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Liquidity Pool

Not too long ago, the global financial market was a cauldron of tedious paper works and time-consuming exchanges, plus unnecessary bulky charges, due to the centralization from bank and stock exchange markets which were the fulcrum of most transactions. Above all, there was no accountability for any misconstruction within the governance processes, because not only did the traders lose custodial power over their assets, there were sometimes problems of price hikes and lack of public transaction ledgers. To cancel out these barricades of risks, the unmistakable need to decentralize the world of finance surfaced.

Decentralized finance (DeFi) has peaked over the years, bringing a staggeringly spiking on-chain activity on its protocol. As of 2021, around $15 billion was stapled to have been locked in decentralized finance protocols, and is still predicted to skyrocket by the following year. And it’s already happening now quite glaringly, if we acknowledge the rapid turn-out of new innovative platforms storming the global market. Surprisingly, the centralized and decentralized exchanges are both on the same growth ladder.

In lieu of the notable DeFi growth, there’s an important concept that makes it all possible — the liquidity pool. This concept has led innovations within the DeFi ecosystem, ploughing through decentralized exchanges, borrow-lend operational system, yield farming, on-chain insurance, to name but a few.

Worthy of note: it’s not that centralized protocols like banks do not offer liquidity but, in some way, there are a wide range of limitations that makes them utterly unreliable.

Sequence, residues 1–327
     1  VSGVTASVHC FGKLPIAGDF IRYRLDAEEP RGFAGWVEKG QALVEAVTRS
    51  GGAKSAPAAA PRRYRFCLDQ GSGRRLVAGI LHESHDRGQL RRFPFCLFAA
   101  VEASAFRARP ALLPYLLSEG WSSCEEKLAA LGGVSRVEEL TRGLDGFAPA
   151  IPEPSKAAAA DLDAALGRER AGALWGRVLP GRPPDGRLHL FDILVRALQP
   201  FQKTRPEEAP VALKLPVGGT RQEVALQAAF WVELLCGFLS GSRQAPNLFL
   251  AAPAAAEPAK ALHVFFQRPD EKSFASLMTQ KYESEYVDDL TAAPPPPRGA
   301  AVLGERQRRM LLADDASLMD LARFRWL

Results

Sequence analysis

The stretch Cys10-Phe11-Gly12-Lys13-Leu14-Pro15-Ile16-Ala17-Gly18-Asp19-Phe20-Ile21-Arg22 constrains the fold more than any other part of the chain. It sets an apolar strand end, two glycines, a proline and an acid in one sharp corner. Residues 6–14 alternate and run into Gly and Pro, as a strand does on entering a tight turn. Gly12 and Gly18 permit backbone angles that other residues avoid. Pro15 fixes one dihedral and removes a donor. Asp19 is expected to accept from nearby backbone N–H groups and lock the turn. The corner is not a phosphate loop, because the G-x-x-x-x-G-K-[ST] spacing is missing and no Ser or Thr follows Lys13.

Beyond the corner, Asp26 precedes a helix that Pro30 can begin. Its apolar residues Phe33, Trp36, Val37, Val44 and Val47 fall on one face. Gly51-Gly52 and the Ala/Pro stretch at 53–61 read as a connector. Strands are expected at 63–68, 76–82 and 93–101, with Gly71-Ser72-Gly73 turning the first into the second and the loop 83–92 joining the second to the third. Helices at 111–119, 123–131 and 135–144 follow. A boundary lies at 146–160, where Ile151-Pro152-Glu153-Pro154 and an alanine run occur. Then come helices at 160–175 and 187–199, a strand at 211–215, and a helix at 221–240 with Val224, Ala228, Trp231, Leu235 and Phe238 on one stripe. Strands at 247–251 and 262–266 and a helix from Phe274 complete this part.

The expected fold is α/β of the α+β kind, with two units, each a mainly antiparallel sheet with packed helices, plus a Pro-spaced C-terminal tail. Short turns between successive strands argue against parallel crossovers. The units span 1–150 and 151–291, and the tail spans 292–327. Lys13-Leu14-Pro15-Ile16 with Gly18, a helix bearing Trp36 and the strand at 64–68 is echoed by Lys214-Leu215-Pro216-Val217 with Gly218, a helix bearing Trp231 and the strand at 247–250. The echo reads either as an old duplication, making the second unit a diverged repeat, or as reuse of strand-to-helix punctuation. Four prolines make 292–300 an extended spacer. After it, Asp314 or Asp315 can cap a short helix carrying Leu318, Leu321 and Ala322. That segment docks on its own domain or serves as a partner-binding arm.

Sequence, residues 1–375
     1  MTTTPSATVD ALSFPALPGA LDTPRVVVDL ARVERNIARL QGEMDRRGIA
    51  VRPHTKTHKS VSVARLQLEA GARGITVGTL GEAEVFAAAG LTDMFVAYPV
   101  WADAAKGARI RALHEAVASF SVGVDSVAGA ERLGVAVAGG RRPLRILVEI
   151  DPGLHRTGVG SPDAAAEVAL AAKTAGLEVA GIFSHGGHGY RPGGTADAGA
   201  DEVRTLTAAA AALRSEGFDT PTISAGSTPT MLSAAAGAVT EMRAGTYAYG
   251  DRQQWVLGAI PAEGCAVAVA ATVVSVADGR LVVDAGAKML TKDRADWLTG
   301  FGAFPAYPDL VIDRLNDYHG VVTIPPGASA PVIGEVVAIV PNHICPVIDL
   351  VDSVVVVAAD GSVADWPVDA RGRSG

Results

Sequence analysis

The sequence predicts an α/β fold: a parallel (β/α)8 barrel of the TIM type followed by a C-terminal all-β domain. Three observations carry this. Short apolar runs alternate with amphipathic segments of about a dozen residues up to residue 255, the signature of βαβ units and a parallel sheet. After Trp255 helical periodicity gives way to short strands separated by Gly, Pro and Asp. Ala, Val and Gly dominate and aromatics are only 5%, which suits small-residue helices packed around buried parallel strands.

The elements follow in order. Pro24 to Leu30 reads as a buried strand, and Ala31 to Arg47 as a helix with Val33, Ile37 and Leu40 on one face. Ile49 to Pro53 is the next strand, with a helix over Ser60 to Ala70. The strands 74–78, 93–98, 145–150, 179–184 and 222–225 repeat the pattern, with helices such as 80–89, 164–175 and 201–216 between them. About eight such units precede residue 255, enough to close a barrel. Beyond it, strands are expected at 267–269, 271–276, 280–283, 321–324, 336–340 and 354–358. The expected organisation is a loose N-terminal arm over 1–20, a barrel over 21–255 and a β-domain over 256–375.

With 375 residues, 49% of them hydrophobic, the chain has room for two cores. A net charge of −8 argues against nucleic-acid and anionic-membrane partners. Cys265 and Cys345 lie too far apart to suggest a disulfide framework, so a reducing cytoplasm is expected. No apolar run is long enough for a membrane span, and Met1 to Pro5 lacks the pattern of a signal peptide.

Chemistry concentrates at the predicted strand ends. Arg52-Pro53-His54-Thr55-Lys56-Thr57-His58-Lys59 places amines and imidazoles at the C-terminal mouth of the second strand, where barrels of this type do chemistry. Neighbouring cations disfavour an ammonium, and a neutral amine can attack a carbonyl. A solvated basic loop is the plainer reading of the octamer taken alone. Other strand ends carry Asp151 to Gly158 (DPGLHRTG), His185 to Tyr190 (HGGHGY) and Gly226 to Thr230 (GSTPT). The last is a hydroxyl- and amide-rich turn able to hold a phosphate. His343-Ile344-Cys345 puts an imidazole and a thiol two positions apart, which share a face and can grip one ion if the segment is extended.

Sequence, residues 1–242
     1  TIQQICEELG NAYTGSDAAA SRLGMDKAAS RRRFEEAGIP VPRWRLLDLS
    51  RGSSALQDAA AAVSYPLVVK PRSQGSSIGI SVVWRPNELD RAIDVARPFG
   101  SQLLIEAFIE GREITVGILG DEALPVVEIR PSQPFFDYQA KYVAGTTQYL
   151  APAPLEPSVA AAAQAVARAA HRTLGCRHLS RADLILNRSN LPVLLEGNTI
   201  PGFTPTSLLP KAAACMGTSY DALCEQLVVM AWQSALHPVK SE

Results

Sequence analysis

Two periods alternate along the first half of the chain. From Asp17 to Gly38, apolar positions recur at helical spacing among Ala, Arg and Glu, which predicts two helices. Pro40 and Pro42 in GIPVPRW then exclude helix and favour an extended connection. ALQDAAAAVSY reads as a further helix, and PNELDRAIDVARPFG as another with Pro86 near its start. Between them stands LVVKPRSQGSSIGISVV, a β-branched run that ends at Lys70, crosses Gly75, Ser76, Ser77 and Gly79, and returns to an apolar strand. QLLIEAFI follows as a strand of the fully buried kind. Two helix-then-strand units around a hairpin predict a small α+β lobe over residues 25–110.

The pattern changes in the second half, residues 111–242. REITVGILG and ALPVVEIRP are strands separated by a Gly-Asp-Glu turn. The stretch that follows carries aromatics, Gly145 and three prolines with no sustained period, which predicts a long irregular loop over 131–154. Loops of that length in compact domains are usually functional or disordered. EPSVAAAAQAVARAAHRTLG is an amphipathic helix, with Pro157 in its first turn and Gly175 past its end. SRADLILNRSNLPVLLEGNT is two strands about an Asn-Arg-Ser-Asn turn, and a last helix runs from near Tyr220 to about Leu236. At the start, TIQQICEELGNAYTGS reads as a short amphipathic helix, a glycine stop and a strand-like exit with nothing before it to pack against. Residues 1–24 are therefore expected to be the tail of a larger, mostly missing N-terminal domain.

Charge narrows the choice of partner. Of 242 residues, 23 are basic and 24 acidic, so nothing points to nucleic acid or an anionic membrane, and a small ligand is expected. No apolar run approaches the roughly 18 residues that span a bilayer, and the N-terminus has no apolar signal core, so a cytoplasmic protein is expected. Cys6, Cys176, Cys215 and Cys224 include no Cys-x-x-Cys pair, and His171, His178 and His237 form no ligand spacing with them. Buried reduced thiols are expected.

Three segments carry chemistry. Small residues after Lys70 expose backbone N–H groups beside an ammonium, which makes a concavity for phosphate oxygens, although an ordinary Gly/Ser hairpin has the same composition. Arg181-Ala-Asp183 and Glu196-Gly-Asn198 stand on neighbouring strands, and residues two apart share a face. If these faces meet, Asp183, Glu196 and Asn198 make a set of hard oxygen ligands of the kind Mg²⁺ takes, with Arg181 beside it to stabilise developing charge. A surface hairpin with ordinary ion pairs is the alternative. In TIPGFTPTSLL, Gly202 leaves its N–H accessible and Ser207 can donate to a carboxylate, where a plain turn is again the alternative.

The Unobjectionable Necessity of Liquidity Pools

Liquidity pools can be simply explained as a box of cryptocurrency assets or tokens kept in a smart contract as a tool to facilitate trade on a decentralized protocol. Little or no liquidity, any trader will acknowledge, creates grievous negations while entering and exiting the market — such as high-scale spillage and volatility. Liquidity pools strive towards ensuring that users can distribute their tokens or assets through smart contracts in a decentralized exchange to generate liquidity assets for traders without facing any inconvenience as regards speed or usability.

Before the coming of Automated Market Makers (AMM), most market order prices suffered from depreciating volume and high volatility because transactions were done through centralized order books-based model. This means that there were quite a small number of buyers and users which makes it utterly hard to find potential traders. This was a major problem in decentralized finance. But AMMs came with a fix for the qualm by providing a ground for creation of liquidity pools, and as well as accosting incentives to liquidity providers to supply pools with assets without the interference of third-party souvenirs, and even make income in the process. More like: The higher assets existing in a pool, the higher the liquidity the pool inhabits, and consequently the more convenient and easier trading becomes within the decentralized exchanges. This is to say that users within liquidity pool protocols like Bancor, Uniswap or CrossFi can exchange their assets through smart contracts without having to wait for a matching pair.

Workability of Liquidity Pools

Liquidity pools are built on automated market makers, which has directly and indirectly driven a change in the mainstream on-chain procedures for trading cryptocurrencies.